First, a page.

Videos? For sure! Documentaries galore! They’re in my watch lists, and I’m absorbing them daily – some, I’m even planning to watch multiple times to let them really sink in. Movies either made during or about the 1960s are helping me get the “feel” of the times.

I feel like I’m gorging myself on so much information that I may never actually continue writing on the manuscript, but it’s all helping so much. My original plan was to vomit out a first draft and then go back and add the historical details and time-and-place feel in a second draft, but I’m realizing that if I continue much further with my rough draft, I might become too “married” to a subpar storyline and lackluster, unrepresentative characters.

I now know this time spent learning and absorbing upfront will make my novel infinitely better than it would be if I dove in now.

I need more hours in the day!

The Challenges of Realism

Once I decided to place my story within the real, historic events of the 1968 Memphis sanitation workers’ strike, I knew that the research required was not only going to be arduous, but absolutely critical. Any time an author attempts to weave actual history into a work of fiction (or, rather, fiction into actual history), he or she had better be sure to “get it right” — it must ring true because (hopefully) there will be readers who will know if it doesn’t.

And for this particular story, I realized that not only must I get the historical events and players down pat, I also need to do my best to immerse myself in the not only the flavor of the time and place, but also the experiences and even psychology of the various social groups involved. Whites and blacks. Bosses and workers. Unions and businesses. Christians and Muslims. Activists and pacifists. The list goes on.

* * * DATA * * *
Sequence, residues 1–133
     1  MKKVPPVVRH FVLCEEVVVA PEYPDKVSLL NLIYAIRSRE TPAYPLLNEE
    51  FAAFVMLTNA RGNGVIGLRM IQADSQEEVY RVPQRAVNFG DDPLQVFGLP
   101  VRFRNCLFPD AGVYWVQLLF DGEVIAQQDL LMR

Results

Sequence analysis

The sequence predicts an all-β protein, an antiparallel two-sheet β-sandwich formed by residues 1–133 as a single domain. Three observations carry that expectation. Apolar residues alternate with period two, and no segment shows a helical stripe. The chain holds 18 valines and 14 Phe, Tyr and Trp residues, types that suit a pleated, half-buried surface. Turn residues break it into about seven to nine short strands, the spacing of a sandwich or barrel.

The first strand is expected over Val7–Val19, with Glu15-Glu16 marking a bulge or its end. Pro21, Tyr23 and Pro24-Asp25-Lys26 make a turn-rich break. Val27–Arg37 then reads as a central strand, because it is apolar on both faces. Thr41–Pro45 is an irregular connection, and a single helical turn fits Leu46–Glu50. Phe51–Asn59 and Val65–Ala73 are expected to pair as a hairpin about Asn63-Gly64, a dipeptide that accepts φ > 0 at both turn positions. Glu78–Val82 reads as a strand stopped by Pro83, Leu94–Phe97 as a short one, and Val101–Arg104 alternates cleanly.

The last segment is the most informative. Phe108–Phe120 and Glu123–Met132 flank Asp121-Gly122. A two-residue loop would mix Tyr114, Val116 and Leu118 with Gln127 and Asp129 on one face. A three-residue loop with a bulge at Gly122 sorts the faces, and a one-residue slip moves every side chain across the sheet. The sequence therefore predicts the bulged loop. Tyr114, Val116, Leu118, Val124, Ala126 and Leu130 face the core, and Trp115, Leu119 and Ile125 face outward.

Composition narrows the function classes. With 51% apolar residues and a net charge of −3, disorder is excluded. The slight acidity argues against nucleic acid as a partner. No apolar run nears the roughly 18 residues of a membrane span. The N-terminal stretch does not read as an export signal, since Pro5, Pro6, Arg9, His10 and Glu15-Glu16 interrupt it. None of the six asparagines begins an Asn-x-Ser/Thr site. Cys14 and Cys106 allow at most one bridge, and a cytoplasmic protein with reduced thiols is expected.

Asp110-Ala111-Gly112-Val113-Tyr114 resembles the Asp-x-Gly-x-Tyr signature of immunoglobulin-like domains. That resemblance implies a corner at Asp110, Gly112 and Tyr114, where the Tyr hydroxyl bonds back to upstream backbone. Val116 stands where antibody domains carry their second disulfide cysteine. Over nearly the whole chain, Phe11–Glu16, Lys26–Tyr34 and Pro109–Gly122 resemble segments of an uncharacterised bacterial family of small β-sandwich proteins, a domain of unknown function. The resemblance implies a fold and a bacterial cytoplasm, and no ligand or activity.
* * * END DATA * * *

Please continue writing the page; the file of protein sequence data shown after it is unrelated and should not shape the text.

One good thing about setting my story during this very turbulent time is that it gives me plenty of material for tension. But for that tension to work it must feel authentic. I need to transcend my own limited environmental and sociological boundaries as much as humanly possible to authentically represent the various groups who were (and still are today, to a large extent) at odds — to put it mildly.

This could take a while.

The Initial Book Idea

Several years ago, for some reason, I — a white woman in my 40s at the time — had this completely off-the-wall (for me) idea for a story:

When their grandmother and sole caretaker dies, two young African American boys must travel by foot to Memphis to find the father who abandoned them.

Why Memphis? I don’t know. I’ve never even been there, but it was clearly Memphis in my mind, and the working title was On the Road to Memphis. Why two little black boys? I don’t know. It was just important to me, and I couldn’t shake the idea.

The original time frame for my story was the Great Depression of the 1930s. However, as I began researching Memphis I ran into a much more intriguing possibility: the sanitation workers’ strike of 1968. I found an article about two men — Robert Walker and Echol Cole — who were killed by faulty, old machinery in a city garbage truck. This event sparked a revolution in the black community and attracted national attention when union organizers descended upon Memphis and the civil rights movement grew like wildfire in the streets of the city, literally. The series of events culminated in the assassination of Dr. Martin Luther King, Jr. at the Lorraine Motel in Memphis.

1968 it is!

And the story in my mind became much less about a lonely and dangerous roadtrip and more about the boys’ arrival during the chaos of the strike. The more I began researching the events of those first few months of 1968, the more excited I got about using them as the backdrop for my story, and the more ideas I began to have for a colorful cast of fictional characters’ involvement in the unfolding real-life story.

So I dug my heels in, found/bought/rented various resources, and took a dive. And MAN, am I learning so much!